We present theoretical results on the performance of Bayesian online learning, namely predictive error bounds for the Bayes mixture and MDL with respect to a countable model class. We briefly discuss how assertions and improvements might be obtained for active learning.

Joel Ratsaby University College London
A Sharp Threshold Result for VC- Classes of Large-Margin Functions. Links: Presentation; Relevant papers
Claudio Gentile University della Insubria, Italy Statistical learning techniques based on worst-case on-line algorithms Links: Talk

An on-line learning algorithm is an algorithm that sweeps through a sequence of sample items only once. In the worst-case setting of on-line learning, theoretical performance is proven via a pointwise analysis, i.e., an analysis that avoids statistical assumptions on the way data are generated. In this tutorial, we first review some of the most relevant (and recent) on-line algorithms in the worst-case setting; then we discuss how to adapt these algorithms to a more classical statistical learning framework. Some of the results presented are well-known, some are very recent, others are unpublished.

Gabor Lugosi Pompeu Fabra University, Spain Sequential prediction under limited feedback Links: gaborlugosipres.pdf; lugositalk.pdf
In this talk we survey some variants of the sequential prediction problem introduced by Hannan and Blackwell in the 50's and picked up later by various areas of research including information theory, computational learning theory, game theory, and statistics. The common theme of the variants studied here is that the decision maker (or forecaster) has only access to limited information about the sequence of past outcomes. Label-efficient prediction, "apple tasting", the adversarial bandit problem and other partial monitoring problems may be formulated in this framework. We study consistency, establish some bounds on rates of convergence, and ask some questions.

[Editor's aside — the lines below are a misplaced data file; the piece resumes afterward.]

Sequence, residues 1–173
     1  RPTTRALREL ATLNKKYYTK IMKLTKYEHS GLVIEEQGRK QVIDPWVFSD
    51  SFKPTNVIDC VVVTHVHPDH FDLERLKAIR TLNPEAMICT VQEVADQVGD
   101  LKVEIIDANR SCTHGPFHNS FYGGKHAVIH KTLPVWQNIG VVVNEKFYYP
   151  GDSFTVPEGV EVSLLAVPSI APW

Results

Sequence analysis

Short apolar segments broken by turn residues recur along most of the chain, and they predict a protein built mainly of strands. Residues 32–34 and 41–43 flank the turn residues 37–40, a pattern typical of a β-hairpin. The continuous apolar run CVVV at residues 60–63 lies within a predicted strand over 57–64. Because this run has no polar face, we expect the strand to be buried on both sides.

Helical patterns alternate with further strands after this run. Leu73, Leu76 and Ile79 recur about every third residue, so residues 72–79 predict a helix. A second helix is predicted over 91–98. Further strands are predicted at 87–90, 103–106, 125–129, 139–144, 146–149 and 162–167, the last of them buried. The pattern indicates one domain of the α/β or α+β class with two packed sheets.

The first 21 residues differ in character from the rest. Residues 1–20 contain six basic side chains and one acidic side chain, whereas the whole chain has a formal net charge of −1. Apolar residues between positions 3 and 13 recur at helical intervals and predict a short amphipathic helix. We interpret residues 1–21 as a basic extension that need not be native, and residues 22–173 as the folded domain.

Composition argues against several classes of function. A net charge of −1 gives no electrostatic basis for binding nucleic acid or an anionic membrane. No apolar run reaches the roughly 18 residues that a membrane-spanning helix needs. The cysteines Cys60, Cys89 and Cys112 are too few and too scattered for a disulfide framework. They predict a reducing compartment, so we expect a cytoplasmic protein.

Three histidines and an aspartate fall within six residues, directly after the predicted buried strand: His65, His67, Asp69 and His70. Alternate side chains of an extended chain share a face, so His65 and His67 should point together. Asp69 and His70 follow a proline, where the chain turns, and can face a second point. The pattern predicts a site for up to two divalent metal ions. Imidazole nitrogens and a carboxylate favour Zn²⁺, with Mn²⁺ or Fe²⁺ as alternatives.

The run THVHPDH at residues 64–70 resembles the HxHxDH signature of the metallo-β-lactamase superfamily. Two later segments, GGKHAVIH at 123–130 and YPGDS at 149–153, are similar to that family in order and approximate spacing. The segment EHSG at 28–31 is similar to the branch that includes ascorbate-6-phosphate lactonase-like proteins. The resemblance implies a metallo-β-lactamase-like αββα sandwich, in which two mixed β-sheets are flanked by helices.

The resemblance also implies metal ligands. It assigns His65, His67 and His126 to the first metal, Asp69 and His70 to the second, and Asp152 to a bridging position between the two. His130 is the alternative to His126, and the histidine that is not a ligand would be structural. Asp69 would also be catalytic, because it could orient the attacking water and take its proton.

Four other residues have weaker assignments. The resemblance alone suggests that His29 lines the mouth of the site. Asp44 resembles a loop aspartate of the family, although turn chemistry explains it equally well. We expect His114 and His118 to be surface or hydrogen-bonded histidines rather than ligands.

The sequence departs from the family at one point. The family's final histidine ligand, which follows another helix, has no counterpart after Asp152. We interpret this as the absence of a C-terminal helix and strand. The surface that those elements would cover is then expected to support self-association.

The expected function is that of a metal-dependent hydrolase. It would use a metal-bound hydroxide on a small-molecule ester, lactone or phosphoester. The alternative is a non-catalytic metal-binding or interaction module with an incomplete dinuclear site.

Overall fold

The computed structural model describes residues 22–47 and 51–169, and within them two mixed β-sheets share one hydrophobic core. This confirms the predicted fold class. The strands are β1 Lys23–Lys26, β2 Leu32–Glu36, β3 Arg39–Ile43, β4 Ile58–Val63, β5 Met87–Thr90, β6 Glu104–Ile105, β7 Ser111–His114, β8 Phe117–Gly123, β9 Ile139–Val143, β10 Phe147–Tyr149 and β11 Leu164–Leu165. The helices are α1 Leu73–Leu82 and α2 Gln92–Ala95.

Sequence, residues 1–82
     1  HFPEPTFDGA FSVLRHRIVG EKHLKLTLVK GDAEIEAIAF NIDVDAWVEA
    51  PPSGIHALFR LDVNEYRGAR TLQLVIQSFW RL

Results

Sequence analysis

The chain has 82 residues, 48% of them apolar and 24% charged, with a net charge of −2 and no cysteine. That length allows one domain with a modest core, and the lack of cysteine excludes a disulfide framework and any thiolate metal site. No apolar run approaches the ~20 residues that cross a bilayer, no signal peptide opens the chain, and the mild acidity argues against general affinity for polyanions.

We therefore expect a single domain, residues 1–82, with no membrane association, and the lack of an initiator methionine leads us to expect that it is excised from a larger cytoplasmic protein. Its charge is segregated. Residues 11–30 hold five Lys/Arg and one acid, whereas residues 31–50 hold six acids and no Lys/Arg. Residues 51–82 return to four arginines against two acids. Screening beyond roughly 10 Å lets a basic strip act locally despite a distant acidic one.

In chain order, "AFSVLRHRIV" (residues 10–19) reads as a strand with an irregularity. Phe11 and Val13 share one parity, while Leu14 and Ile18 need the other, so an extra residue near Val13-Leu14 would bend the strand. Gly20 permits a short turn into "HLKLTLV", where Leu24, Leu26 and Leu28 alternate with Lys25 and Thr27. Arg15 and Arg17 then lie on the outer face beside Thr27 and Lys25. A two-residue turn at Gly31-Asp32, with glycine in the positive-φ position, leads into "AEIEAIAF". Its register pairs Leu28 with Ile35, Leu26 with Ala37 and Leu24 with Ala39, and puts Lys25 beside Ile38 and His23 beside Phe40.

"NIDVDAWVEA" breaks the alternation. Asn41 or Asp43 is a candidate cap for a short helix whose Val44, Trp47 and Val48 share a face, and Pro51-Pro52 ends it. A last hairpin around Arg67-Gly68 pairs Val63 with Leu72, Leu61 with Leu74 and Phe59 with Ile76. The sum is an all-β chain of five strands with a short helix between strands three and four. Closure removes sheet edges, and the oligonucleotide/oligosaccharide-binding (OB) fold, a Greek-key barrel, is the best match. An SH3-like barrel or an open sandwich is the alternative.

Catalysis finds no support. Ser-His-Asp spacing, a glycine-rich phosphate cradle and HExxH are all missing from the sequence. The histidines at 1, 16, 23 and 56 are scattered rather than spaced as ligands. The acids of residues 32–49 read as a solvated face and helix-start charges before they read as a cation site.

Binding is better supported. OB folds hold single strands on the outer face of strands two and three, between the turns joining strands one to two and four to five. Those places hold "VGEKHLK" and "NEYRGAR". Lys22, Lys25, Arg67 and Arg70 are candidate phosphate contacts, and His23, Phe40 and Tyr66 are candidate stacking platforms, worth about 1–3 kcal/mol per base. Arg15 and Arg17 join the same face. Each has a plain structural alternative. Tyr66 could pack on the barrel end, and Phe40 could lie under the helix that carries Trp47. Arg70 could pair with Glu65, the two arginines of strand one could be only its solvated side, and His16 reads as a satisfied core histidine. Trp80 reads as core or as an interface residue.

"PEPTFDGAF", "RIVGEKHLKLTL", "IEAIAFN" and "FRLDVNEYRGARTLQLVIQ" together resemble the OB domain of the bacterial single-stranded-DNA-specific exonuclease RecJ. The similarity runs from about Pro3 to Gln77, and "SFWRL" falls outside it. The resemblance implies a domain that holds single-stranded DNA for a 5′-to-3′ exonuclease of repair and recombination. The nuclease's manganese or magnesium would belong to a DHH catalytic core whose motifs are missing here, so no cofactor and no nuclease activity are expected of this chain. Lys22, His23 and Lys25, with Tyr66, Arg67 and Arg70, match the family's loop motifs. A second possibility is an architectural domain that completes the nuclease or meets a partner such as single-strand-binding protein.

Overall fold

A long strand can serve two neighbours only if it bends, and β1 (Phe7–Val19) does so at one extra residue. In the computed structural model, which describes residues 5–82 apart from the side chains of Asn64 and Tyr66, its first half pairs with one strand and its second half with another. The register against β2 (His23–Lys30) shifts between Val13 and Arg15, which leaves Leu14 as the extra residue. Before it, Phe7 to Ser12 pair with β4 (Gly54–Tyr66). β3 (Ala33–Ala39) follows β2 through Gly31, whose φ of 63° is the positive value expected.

(joint work with Nicolo` Cesa-Bianchi and Gilles Stoltz)

Amiran Ambroldaze University of Southampton, UK Rademacher Complexity and Lipschitz Functions Links: Slides;

Rademacher and Gaussian complexities are successfully used in learning theory for measuring capacity of the class of functions to be learned. One of the most important (and di cult) properties of these complexities relies on their connection to the Lipschitz condition. In this paper we investigate this connection and state some open problems.
(joint work with John Shawe-Taylor)

Peter Bartlett University of California, Berkeley, USA Large margin classifiers: consequences of convex cost functions Links: peterbartlett.pdf; Papers\bartlettasspaper.pdf; bartlettasspaper2.pdf

Many of the classification algorithms developed in the machine learning literature, including the support vector machine and boosting, minimize a cost function that can be viewed as a convex surrogate of the 0-1 loss function. The convexity makes these algorithms computationally efficient. The use of a surrogate, however, has statistical consequences that must be balanced against the computational virtues of convexity. This talk will cover some statistical and computational aspects of these methods, including universal consistency, convergence rates, and estimation of conditional probabilities of class labels. In the context of kernel classifiers, we will also discuss the sparseness of the kernel expansion, and algorithms for structured multi-class classification that exploit structure analogous to the factorizations common in generative models.